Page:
10 Best Colorado National Parks and Sites

These Colorado national parks and sites show off the state's stunning natural beauty and history.

Loch Vail, Rocky Mountain National Park

Brad McGinley Photography/Getty Images

The state of Colorado has some of the most diverse landscapes in the U.S., with open plains, arid desert, river-carved canyons, and towering snow-covered peaks. It’s no wonder that the state has long been a top destination for people who love the outdoors — the skiing is world-class, the river rafting exceptional, and the hiking endless.

Scattered across the state are landscapes and sites deemed so valuable they are protected and managed by the National Park Service. These parks, monuments, recreation areas, historic sites, and trails have long provided travelers with the opportunity to see some of the state’s most beautiful places and learn about its long history.

Although Colorado is home to plenty of National Park Service-managed sites — including historic trails and recreation sites — we’ve selected a handful of the state’s finest, starting with the four Colorado national parks. 

Colorado National Parks

Mesa verde National Park, Colorado

Peter Unger/Getty Images

Mesa Verde National Park

Mesa Verde National Park has plenty of hiking trails and canyon views, and the well-preserved Ancestral Puebloan cliff dwellings provide insight into the ancient Indigenous culture. Beyond visiting Puebloan homes set into rock cliffs, Mesa Verde visitors can check out other archaeological sites, including the rock carvings found along Petroglyph Point Trail.

Great Sand Dunes National Park

Natthaphong Janpum/Getty Images

Great Sand Dunes National Park

The tallest dunes in North America are found within Great Sand Dunes National Park in southern Colorado. The huge dunes, which are best viewed at sunrise and sunset, create a veritable playground for visitors, who can climb and slide down the sandy mounds. In the background are the towering Sangre de Cristo mountains, home to some of the state’s most foreboding peaks.

Black Canyon of the Gunnison National Park

One of the state’s lesser-known parks is also one of its most stunning. Black Canyon of the Gunnison National Park surrounds a deep, steep-walled gorge that’s carved by the Gunnison River. Throughout the western Colorado park, visitors experience dramatic views — including the iconic Painted Wall cliff face — and wildlife sightings that include elk and golden eagles.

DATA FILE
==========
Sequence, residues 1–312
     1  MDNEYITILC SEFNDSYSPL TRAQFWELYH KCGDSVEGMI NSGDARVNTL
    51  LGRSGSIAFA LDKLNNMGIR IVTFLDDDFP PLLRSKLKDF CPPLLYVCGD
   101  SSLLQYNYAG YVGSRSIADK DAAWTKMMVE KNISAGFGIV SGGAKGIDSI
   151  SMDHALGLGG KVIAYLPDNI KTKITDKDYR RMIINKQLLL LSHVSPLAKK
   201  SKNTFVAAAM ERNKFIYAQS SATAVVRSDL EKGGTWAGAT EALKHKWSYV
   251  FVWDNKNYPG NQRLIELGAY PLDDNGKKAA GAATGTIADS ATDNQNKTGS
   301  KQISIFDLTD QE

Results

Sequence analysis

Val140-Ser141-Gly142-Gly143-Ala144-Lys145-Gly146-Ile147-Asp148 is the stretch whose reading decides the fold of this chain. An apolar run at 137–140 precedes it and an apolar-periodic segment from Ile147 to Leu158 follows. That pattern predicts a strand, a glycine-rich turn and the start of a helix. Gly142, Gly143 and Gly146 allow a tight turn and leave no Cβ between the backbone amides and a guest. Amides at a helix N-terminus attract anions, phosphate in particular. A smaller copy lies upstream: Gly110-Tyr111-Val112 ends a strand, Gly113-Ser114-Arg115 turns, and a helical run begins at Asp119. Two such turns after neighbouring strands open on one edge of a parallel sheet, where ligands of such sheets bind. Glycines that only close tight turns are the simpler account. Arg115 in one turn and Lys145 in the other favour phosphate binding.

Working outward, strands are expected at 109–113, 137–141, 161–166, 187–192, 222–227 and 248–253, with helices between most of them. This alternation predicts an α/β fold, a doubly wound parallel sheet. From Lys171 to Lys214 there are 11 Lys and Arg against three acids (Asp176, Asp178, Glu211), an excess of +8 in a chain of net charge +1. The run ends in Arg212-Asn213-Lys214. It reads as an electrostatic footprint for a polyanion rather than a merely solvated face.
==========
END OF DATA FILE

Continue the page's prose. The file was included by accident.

Loch Vail, Rocky Mountain National Park

Brad McGinley Photography/Getty Images

Rocky Mountain National Park 

Rocky Mountain National Park is set along the continental divide in northern Colorado, making it the most accessible national park from Denver. Within the park’s 265,807 acres are over 300 miles of hiking trails, including the route to Longs Peak, one of the state’s 14,000-foot mountains. In the fall, leaf peepers come to drive Old Fall River Road, and in the summer, travelers come to brave a dip in a high-alpine lake or hike through fields of wildflowers. 

Colorado National Monuments, Trails, Recreation Areas, and Sites

Colorado National Monument

VW Pics/Getty Images

Colorado National Monument

The Colorado National Monument is perched high on the Colorado Plateau above the city of Grand Junction, Colorado. The monument boasts some of the state’s grandest landscapes, including sheer, red rock canyons, eye-catching rock formations, and wildlife that includes bighorn sheep and eagles. 

Santa Fe National Historic Trail

This 19th-century route passes through five states and connects western Missouri and Santa Fe, New Mexico. The Colorado portion of the route provides access to plenty of worthy sites, including Bent's Old Fort National Historic Site, an 1840s fur trading post where Indigenous people met to trade with trappers and travelers, and the expansive Comanche National Grassland.

Curecanti National Recreation Area 

The three reservoirs that make up Curecanti National Recreation Area are set at the base of towering rock formations and scrub-covered hills. And while the views alone are well worth a trip, the reservoirs are best known for their salmon and trout fishing and the myriad trails and campsites found on their shores.

Canyons of the Ancients National Monument

As the name implies, Canyons of the Ancients National Monument protects Colorado's ancient history. Among the monument’s 174,000-plus acres of land is the highest known archaeological site density in the U.S., with over 8,300 recorded sites that provide a glimpse into ancient human life — from villages and kivas to shrines and sacred springs.

Amache National Historic Site

The Amache National Historic Site pays tribute to an important piece of Colorado history. It is the site of the Granada Relocation Center, a concentration camp that housed Japanese Americans during World War II. At this site near Granada, Colorado, over 10,000 people were unjustly incarcerated, and people can visit today to learn and reflect on this period in history.

Florissant Fossil Beds National Monument, Colorado

Peter Unger/Getty Images

Florissant Fossil Beds National Monument 

One of the most diverse fossil deposits in the world is found in a grassy mountain valley in central Colorado. The Florissant Fossil Beds National Monument showcases thousands of well-preserved and detailed fossils of plants and insects alongside giant petrified redwood stumps (including some that are 14 feet wide). 

Was this page helpful?
Related Articles